In the beginning of the year, China' State Council lifted its 14-year ban on foreign gaming consoles, allowing for Sony (NYSE:SNE), Microsoft (NASDAQ:MSFT) and Nintendo (NASDAQOTH:NTDOY) to expand into a gaming market that estimated to be $13.75 billion in 2013.
Since then, Microsoft has announced its plans to release the Xbox One in Chinese this September. Meanwhile, Nintendo President Satoru Iwata told Bloomberg that the company will be releasing new products in "emerging markets," hinting at a China expansion. On Sunday, Sony officially announced its entry into China's gaming market.
Sony's new joint venture
Sony will be joining forces with Shanghai Oriental Pearl Culture Development, or OPCD, to launch its line of PlayStation products throughout China. One will manage the manufacturing and sales of the hardware and the other will manage the services, sales, licensing, distribution, and research and development of software.
Sony China will own 70% of the newly formed Sony Computer Entertainment, which will handle the hardware. On the software side, ownership will be split in favor of OPCD with the newly formed Shanghai Oriental Pearl Sony Computer Entertainment Culture Development, with Sony owning only 49%.
The deal between Sony and OPCD is very similar to Microsoft's venture with BesTV, where the two formed a joint venture in hopes of designing and developing gaming-related products that cater to the Chinese market. It's also worth noting that both BesTV and OPCD are owned by Shanghai Media Group, which allows both joint ventures to be conveniently located in Shanghai's Free-Trade Zone.
More on the free-trade zone
It's unusual for both Sony and Microsoft to form joint ventures in order to launch a console in a new market, especially since they seemingly do it just fine by themselves in other markets. But with the lifting of the console ban came a tidal wave of regulations.
After lifting the ban, a statement released by the State Council said that only consoles manufactured in the Shanghai Free Trade Zone may be sold within China. Plus, before a system can reach the shelves of retailers, it will require inspection by various cultural departments.
It's no wonder that Sony stressed in its announcement that the joint venture will "introduce quality, healthy games that are suitable to China's national conditions and the preferences of domestic players, as according to the relevant government policies." Unfortunately, this means it will be costly for both companies to release titles in China due to the additional costs in not only translating titles, but because heavy censorship will require additional work that could prove to be more costly than the average international release. The additional work will also result in delays and fewer titles overall.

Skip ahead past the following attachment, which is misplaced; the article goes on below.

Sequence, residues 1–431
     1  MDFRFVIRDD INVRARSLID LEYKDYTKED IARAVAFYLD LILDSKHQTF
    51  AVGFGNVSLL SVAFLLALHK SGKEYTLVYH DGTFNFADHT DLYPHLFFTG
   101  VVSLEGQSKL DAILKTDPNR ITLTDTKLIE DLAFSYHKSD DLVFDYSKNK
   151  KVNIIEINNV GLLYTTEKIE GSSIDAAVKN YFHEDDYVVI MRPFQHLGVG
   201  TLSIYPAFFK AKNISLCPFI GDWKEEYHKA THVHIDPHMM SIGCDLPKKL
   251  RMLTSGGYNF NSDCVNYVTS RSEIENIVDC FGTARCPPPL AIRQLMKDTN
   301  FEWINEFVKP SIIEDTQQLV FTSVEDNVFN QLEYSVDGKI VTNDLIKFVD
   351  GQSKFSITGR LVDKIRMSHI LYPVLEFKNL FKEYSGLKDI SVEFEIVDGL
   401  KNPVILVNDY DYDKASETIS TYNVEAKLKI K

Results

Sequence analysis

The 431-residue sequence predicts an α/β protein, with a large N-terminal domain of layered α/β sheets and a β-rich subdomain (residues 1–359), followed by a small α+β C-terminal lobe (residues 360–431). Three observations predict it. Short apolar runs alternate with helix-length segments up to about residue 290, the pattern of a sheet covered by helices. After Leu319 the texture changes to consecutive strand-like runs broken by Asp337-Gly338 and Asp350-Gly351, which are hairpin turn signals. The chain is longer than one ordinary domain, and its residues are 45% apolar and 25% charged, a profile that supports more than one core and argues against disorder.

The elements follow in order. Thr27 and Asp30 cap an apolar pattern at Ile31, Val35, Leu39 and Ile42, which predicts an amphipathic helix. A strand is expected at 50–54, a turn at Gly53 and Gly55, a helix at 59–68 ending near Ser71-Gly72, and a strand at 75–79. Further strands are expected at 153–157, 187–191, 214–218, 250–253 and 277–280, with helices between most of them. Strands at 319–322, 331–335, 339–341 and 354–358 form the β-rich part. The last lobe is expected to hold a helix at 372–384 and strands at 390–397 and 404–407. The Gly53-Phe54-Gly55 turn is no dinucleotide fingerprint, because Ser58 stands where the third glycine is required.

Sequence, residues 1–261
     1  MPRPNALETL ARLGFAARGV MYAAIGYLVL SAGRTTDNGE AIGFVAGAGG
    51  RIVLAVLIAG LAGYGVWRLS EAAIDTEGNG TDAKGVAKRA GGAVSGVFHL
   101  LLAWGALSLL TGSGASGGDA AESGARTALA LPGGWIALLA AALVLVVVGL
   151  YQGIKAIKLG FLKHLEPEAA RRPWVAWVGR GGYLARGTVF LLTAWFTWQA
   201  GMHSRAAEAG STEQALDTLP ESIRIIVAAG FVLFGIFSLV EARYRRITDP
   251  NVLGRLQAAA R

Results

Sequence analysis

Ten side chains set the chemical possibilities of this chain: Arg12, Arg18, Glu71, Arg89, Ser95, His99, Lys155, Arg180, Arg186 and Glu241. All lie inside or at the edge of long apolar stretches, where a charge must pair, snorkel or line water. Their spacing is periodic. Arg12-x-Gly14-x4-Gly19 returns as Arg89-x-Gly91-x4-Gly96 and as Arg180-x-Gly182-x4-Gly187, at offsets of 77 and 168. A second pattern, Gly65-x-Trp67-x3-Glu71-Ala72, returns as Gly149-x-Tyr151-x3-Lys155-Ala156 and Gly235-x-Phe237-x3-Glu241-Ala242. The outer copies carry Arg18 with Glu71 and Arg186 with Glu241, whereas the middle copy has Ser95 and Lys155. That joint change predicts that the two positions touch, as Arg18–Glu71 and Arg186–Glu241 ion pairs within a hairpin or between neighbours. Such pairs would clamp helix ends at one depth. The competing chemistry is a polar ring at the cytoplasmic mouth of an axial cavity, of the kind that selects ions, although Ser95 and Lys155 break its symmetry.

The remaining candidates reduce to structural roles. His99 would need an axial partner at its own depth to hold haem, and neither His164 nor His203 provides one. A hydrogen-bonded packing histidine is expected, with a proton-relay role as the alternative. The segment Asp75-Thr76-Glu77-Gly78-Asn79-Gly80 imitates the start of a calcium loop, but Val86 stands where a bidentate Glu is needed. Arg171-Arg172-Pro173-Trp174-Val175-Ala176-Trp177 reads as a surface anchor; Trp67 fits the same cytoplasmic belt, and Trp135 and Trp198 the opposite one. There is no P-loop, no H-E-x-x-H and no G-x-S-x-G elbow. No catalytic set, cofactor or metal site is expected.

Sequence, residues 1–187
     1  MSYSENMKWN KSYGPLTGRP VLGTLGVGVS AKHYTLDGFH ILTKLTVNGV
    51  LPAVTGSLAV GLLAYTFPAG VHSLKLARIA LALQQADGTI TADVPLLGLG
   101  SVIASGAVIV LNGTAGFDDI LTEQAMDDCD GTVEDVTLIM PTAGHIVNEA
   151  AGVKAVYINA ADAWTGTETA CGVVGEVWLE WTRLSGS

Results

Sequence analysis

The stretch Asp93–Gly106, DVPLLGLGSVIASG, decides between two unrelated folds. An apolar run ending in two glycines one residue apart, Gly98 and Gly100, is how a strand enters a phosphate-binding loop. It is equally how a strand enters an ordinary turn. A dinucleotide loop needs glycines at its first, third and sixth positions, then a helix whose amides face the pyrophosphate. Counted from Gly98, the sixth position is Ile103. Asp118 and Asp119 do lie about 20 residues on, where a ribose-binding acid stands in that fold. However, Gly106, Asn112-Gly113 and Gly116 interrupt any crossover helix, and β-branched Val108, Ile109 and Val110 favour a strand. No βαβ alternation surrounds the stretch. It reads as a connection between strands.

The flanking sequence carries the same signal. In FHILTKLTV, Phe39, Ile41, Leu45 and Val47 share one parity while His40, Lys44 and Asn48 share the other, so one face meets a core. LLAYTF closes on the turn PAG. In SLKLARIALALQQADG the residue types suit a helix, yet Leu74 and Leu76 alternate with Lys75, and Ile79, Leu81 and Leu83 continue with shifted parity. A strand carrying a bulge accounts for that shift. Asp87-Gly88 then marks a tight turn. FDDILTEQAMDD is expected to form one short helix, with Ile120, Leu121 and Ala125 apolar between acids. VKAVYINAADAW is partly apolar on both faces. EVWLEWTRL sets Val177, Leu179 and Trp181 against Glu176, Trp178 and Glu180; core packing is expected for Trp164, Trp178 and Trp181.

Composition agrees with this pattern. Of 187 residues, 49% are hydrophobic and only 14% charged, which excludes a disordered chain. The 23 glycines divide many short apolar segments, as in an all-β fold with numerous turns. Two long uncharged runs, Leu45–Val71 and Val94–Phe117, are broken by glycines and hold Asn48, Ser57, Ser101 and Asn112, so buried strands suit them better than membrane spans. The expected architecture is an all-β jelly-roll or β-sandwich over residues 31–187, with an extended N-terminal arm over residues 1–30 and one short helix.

The console war is heating up
Microsoft has seemingly been more aggressive in wanting to be the first in releasing a console in China. It has had more than a month lead in announcing a release date, and while Sony has recently announced its plans in establishing the PlayStation brand in China, it has yet to announce which PlayStation products will be making their way into the country and when. This comes as no surprise, given that Microsoft has reportedly only shipped 5 million Xbox Ones since the launch, while Sony has reportedly already sold 7 million PlayStation 4s, with the gap growing with each passing month.
Nintendo's silence is unsettling, given its past history in getting around the console ban in China in the early 2000s. After having posted a poor quarterly result, Nintendo adjusted its Wii U expectation for the year, with the company only expecting to sell 2.8 million units worldwide, less than a third of its earlier prediction for 9 million consoles. Nintendo has two advantages: Its games will need to be minimally censored, and the Wii U is significantly cheaper than the competition. [Source]
To put China's $13.75 billion video game market in perspective, the estimated size of the U.S. market in 2013 was $14.8 billion, down from its high of $16.9 billion in 2010. It's no wonder why it's a race to the top. Though, it might not matter so much.
Rodmon Dehghi owns shares of Sony (ADR). The Motley Fool owns shares of Microsoft. Try any of our Foolish newsletter services free for 30 days. We Fools may not all hold the same opinions, but we all believe that considering a diverse range of insights makes us better investors. The Motley Fool has a disclosure policy.